categories: Cocktail Hour
This is a short essay, in part, about Titan Cement, which I should say right up front that I oppose. I don’t like the idea of this company coming to town and dumping poisons in our river while spewing them into our air. For regular readers this is not surprising. But if it’s statistics and facts you are after–the much-debated number of jobs gained, the impact of mercury on human health, the testimony of others from towns where cement has made its mark—you should look elsewhere. Today I am instead interested in talking about something bigger, and, to some, perhaps softer. Rather than cement, I want to talk about water–water and love. And even more I am interested in talking about identity. Both my own and our town’s.
My own relationship with Wilmington is complicated. I come from a tribe of nature writers, a tribe that, as a rule, spends a lot of time braying about the glories of wherever they happen to live. Back when Cape Cod was my home I celebrated it fiercely, with the sort of regional pride recognizable to Southerner and Yankee alike. In fact I wrote a book, a kind of love letter to the place, that ended with my proclamation that I would stay on Cape Cod forever.
Which is how, as I have been telling people for the last nine years, I ended up in Wilmington, the book helping land me a job in the creative writing department at UNCW. Which is all to say: I am an outsider here, a relative newcomer. I have no plans to climb up to the top of a live oak and holler out that I will stay here forever. Mine is a marriage of convenience.
But it is still a marriage, and one I have committed to. For the last nine years I have made good friends in this place, have become involved in my community, and have even put down some cautious roots. And while I might never call Wilmington my true hometown, my nine-year old daughter has no such qualms. As the math tells you she has lived here her whole life.
As for me, burned by romance before, it is hard for me to use “love” in the same sentence as my hometown. But there are things I do love. I love that the creek I live on connects me to the Intracoastal and to the Atlantic and that I can paddle a kayak from my backyard down that creek and out to Masonboro. Once I get there I love the walk from the lee side of that island to the ocean side, through the dunes and waving sea oats, love the moment when you first hear the ocean’s roar, and especially love this moment if you just happen to be bringing an unsuspecting guest along, one who will no doubt be shocked to find that we suddenly have eight miles of beach to ourselves. Water defines us here, and I love the way the river surges through the town like a great artery, in a rush to greet the sea. I love all the life that occurs in this special place where river and sea meet, the ospreys and skimmers and eagles (yes, eagles!), the otters and dolphins and rays, the schools of fish so thick they can turn a wave solid. I love that here we are never that far from water, and that many of us live close enough to it that, with a quick glance, we can determine the tide. And I love, and am occasionally frightened by, the way wild weather sweeps through this place.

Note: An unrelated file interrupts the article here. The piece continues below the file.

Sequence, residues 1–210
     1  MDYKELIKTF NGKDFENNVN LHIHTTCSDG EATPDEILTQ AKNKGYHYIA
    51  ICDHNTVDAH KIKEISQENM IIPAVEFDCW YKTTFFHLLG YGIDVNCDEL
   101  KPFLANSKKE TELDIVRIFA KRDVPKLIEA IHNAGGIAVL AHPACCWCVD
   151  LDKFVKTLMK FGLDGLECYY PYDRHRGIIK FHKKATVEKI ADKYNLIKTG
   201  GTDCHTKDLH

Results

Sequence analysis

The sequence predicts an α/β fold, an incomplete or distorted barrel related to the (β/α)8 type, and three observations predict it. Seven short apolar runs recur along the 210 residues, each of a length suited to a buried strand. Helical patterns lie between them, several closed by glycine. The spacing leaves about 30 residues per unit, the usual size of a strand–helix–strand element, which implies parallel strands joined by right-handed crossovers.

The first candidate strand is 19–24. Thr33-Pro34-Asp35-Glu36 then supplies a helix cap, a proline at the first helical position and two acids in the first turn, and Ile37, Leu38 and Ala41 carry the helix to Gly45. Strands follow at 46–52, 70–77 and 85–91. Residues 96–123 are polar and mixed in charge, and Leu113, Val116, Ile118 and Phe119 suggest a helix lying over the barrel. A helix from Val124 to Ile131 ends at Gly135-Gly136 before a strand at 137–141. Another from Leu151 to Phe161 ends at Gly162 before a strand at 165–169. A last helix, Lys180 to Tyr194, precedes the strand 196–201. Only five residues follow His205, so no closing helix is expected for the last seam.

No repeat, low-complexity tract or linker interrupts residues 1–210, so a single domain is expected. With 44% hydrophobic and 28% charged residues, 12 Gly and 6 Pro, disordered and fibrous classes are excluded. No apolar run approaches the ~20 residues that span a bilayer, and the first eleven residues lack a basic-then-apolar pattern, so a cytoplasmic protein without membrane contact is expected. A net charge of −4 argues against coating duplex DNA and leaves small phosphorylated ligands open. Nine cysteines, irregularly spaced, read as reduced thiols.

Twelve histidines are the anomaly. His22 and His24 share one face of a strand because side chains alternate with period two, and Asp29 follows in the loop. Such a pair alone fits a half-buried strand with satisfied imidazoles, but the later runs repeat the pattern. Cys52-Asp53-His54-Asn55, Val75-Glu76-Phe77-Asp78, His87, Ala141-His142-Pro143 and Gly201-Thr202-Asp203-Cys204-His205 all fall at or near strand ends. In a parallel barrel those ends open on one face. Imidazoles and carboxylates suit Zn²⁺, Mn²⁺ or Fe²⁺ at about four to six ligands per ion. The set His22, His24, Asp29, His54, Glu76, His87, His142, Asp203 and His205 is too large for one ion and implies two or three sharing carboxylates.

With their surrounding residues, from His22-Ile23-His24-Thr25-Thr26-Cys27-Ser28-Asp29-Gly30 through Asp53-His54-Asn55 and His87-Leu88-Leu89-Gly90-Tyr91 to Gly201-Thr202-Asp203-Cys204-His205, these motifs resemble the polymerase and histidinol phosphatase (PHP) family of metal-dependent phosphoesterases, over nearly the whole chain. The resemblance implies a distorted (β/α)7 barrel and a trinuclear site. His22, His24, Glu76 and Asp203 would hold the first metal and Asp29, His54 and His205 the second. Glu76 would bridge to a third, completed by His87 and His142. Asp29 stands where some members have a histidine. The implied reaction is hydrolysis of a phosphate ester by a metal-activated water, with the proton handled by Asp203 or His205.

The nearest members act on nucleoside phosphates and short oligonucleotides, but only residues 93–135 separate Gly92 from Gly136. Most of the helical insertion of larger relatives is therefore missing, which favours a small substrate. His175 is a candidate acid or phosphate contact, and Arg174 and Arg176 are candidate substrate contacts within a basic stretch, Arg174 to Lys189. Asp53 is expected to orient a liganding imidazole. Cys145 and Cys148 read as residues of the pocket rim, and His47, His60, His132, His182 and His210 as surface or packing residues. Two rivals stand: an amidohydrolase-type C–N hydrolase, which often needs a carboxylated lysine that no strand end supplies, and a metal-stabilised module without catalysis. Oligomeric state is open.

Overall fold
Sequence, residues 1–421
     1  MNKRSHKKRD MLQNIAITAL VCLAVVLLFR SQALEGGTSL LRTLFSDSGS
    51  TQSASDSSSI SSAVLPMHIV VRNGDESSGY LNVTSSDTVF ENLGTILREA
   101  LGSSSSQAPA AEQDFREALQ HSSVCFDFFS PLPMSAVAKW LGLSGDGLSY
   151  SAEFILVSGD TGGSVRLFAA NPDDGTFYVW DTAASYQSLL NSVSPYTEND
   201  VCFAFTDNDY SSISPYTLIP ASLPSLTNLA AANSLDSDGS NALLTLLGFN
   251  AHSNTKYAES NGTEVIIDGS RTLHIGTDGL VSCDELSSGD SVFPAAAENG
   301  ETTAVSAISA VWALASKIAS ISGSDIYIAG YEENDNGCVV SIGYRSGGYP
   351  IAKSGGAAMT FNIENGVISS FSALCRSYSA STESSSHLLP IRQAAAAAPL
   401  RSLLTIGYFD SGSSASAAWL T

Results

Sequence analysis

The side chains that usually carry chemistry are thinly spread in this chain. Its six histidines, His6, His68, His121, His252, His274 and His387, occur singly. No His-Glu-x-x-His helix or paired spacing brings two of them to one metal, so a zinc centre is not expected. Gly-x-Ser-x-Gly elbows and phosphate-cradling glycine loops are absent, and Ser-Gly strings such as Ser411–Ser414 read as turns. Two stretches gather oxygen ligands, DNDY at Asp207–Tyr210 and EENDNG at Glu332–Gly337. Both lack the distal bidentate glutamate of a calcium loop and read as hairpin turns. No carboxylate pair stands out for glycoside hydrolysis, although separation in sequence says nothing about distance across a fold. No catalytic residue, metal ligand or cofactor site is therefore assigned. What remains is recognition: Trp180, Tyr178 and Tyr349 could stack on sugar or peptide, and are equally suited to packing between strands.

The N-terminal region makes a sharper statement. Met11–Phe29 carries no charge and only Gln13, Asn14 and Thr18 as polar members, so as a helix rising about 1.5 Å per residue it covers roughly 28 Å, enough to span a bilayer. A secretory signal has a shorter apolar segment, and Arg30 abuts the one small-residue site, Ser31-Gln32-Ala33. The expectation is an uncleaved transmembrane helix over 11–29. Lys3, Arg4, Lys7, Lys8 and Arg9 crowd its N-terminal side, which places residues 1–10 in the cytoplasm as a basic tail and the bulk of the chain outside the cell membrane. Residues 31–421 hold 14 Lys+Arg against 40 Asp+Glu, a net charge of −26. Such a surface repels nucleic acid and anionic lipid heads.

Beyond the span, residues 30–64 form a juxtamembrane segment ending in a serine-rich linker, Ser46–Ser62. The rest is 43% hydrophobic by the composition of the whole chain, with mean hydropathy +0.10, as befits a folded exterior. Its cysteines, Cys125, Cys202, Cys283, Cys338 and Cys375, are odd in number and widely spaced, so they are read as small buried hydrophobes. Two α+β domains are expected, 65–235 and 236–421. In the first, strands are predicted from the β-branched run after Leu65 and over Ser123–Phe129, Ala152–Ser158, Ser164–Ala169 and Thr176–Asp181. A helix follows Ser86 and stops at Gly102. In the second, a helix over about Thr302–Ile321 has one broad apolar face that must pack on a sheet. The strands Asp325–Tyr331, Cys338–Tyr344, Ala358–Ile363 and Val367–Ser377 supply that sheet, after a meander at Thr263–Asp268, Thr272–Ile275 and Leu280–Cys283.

I don’t think I’m alone in this. I believe that even those who spend their life commuting our cluttered streets are aware that we live in a special place, a place of river and sea, a shifting place that, through its water and winds, overspills with an abundance of life, both human and otherwise. It is what makes this place this place, and even if we don’t give this much thought, we are aware of it at some level.
Which brings me back to Titan, or the possibility of Titan. We can fight about jobs all day long: the backers have long claimed it will bring in 160, while those who oppose cite what has happened in other towns, where most jobs go to outsiders, putting the number of local jobs at closer to 20. This is open to debate. What is not open to debate is this: we are a water town and the plant will sit upstream of us, drawing on that water, using it, thousands and thousands of gallons, dumping it out again into the river, an altered substance. Like us, Titan is drawn to our town because of the river, but their uses for it, and the reasons they want it, are quite different than most of our reasons. They are drawn to the river as a coolant, a dumping ground, a place to expel waste. Remember: this is our river we are talking about, the river that heads to the sea, that runs through the city like an artery of life.
Which means that what we are talking about is not just the gain or loss of a few jobs. What we are talking about is an issue, not just of economics, but of self-definition. Our choice is no less than what we make of the place where we live. Who are we? Who do we want to be? My hope is that the Wilmington we chose to be is the same one that I have—slowly and grudgingly—come to love. My hope is that we continue to see ourselves as place of river and sea. A place encircled, and defined, by water.